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The Battalion

The Student News Site of Texas A&M University - College Station

The Battalion

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Darling, I’m Worried

Arts+criticism+writer+Caitlyn+Porras+reviews+Dont+Worry+Darling%2C+starring+Harry+Styles+and+Florence+Pugh.
Via IMDb

Arts criticism writer Caitlyn Porras reviews “Don’t Worry Darling,” starring Harry Styles and Florence Pugh.

Rating: 6/10

Note: This story contains spoilers for the movie “Don’t Worry Darling.”

With so much anticipation festering over the course of nearly a year, Olivia Wilde’s “Don’t Worry Darling” has finally hit public theaters on Sept. 23. The month leading up to the release has been riddled with drama and rumors among the director and her cast, something that feels fitting after experiencing the movie. 

Starting off with the strongest element across the entire film, Florence Pugh plays Alice Chambers, a picture-perfect cutout of a 1950s housewife that enjoys simple chores, ballet class and waiting for her husband Jack Chambers, played by Harry Styles, to come back from working to provide for her “happy” life.

Movie watchers were correct in their assessment that Pugh held the film to its potential with her acting, despite having Styles as her co-star. Pugh gave an anticipating, hand-gripping look into what truly lies in a relationship and what love looks like in the eyes of the beholder. There was not a moment of doubt as the British actress gave the audience an emotional performance that left them on the edge of their cushioned seats. 

As for Styles, the British singer-songwriter should reevaluate entering the film industry after this project. What felt like a key piece to the story, Styles butchered it with his inability to act beyond simply saying lines. The new actor created a 2D character with his incompetence to stay in one accent and lack of portrayal of any type of emotion. The scene that was considered to be the feeling of betrayal, after practically snitching on his wife, seemed like a joke that had the theater snickering from seeing a grown man throw a temper tantrum. 

The one credit that should be awarded to Styles, would be his portrayal of a modern-day incel; he truly mastered the art of clingy and hopelessness.

On another note, it was odd to notice the unnecessary sight of Bunny, played by Wilde, throughout the film while the audience was left questioning about truly important characters like Margaret and Shelley, the only characters that were played by non-white actresses in this film. Both female characters were essential roles in explaining the true harshness of this man-made “virtual reality,” it would only be fair and good directing to keep their scenes instead of cutting them, like Kiki Layne expressed recently on social media.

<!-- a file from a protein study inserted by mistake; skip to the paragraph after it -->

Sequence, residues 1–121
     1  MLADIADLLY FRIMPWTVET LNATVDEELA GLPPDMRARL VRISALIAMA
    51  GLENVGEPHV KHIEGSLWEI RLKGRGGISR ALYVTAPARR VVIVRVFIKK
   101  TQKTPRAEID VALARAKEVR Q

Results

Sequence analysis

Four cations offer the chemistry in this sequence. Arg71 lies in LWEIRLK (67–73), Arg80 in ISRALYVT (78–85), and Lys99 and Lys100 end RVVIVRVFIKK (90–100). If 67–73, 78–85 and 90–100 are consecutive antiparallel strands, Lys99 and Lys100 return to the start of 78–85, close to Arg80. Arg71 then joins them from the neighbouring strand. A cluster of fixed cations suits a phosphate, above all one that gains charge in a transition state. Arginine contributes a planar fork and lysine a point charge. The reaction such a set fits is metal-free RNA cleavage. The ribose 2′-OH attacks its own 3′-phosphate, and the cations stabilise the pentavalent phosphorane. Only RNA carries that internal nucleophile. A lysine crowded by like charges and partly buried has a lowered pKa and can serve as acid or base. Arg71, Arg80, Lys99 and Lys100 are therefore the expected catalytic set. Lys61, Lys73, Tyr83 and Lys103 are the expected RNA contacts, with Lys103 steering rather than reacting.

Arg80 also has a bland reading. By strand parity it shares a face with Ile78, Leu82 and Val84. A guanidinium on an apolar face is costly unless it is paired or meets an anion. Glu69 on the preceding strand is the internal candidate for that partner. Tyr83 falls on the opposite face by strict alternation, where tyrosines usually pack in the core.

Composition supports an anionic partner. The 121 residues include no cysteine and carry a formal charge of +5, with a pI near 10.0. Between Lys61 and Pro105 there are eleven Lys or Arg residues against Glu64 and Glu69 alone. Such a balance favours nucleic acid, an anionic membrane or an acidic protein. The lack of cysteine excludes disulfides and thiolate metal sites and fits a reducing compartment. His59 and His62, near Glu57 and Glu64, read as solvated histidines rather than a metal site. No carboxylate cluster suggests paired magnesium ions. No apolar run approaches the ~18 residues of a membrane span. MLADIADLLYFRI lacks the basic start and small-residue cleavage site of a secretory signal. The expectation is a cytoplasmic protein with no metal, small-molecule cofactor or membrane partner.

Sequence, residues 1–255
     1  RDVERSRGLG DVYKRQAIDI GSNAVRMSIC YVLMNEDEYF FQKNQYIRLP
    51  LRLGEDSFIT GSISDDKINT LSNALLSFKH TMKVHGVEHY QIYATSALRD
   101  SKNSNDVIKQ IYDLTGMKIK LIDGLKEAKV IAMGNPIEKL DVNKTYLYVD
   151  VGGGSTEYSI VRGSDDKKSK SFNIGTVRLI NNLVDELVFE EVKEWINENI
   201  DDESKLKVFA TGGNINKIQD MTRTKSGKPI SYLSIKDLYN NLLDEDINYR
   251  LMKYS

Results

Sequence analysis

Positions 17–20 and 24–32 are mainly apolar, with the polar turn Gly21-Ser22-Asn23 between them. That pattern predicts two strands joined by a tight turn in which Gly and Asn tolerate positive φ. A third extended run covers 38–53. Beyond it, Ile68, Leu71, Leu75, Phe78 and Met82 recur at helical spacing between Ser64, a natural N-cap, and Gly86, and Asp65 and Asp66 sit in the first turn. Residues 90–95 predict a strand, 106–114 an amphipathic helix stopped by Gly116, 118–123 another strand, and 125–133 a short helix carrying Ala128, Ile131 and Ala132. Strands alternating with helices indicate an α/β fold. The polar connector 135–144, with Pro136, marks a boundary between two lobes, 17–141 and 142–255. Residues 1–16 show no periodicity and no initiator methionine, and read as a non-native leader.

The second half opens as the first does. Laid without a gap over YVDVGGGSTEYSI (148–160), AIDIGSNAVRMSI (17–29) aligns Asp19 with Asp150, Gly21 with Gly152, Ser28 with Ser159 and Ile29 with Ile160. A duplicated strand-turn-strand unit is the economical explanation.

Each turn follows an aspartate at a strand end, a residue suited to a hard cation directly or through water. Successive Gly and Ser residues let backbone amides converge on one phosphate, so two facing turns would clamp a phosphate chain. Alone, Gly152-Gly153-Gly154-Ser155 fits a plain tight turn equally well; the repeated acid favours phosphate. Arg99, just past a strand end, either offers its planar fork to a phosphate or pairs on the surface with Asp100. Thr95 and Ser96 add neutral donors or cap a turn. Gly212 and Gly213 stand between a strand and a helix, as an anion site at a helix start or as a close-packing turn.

It is understandable to consider this a “feminist” piece of media given the way that our main heroine breaks from the mind-washing, monotonous life that comes with constantly providing for a working man. But the way that it is being interpreted from certain audiences is concerning, all because the villain of this story is an attractive white man who takes gaslighting to another level.

Besides Pugh’s acting, the soundtrack is truly an experience that is worth a drive to the local theater. John Powell, a film composer known for “How to Train Your Dragon” and the “Bourne Identity” franchise, created an eerie and blood-pumping score that framed the scenes to be the thriller film it is. The score mixed with the classic 1950s allowed for the audience to be immersed in the 1950s drama with a dream-esque feel.

With colorful scenes and thought-provoking dialogue that is sure to be remembered based on which British actor is saying it, the directing of this film was all in all mediocre. Wilde has several movies under her directing sleeve, 2019’s “Booksmart” being one of them, but none that dive into the mind thriller genre like this film.

It is important to note that some things are better left for interpretation for the audience member to think about on the drive home or to discuss with friends over dinner. But, this film had too many plot holes to the point of wondering what was cut and what was used from production. Why did Gemma Chan’s character stab Chris Pine when there was no real reason shown before the scene? Why was Margaret always mentioned but never seen? There is a fine line between intentional lack of information to get the brain thinking long after the movie and just not showing enough due to poor writing. 

Wilde’s “Don’t Worry Darling” has the potential to be an enjoyable watch when one goes in expecting the worst. It is a film filled with pastel colors, cocktails and the ups and downs of a married life, but the longer the audience stays, the more chaos it brings.

“Don’t Worry Darling” is out now in theaters.

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